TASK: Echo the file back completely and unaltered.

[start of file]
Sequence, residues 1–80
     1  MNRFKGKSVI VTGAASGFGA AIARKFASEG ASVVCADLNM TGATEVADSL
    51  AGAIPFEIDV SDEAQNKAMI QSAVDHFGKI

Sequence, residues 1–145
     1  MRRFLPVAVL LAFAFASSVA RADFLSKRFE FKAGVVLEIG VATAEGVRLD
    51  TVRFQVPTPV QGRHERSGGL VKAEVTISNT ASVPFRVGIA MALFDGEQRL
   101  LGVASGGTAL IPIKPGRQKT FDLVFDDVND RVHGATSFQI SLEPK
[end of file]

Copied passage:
Sequence, residues 1–80
     1  MNRFKGKSVI VTGAASGFGA AIARKFASEG ASVVCADLNM TGATEVADSL
    51  AGAIPFEIDV SDEAQNKAMI QSAVDHFGKI

Sequence, residues 1–145
     1  MRRFLPVAVL LAFAFASSVA RADFLSKRFE FKAGVVLEIG VATAEGVRLD
    51  TVRFQVPTPV QGRHERSGGL VKAEVTISNT ASVPFRVGIA MALFDGEQRL
   101  LGVASGGTAL IPIKPGRQKT FDLVFDDVND RVHGATSFQI SLEPK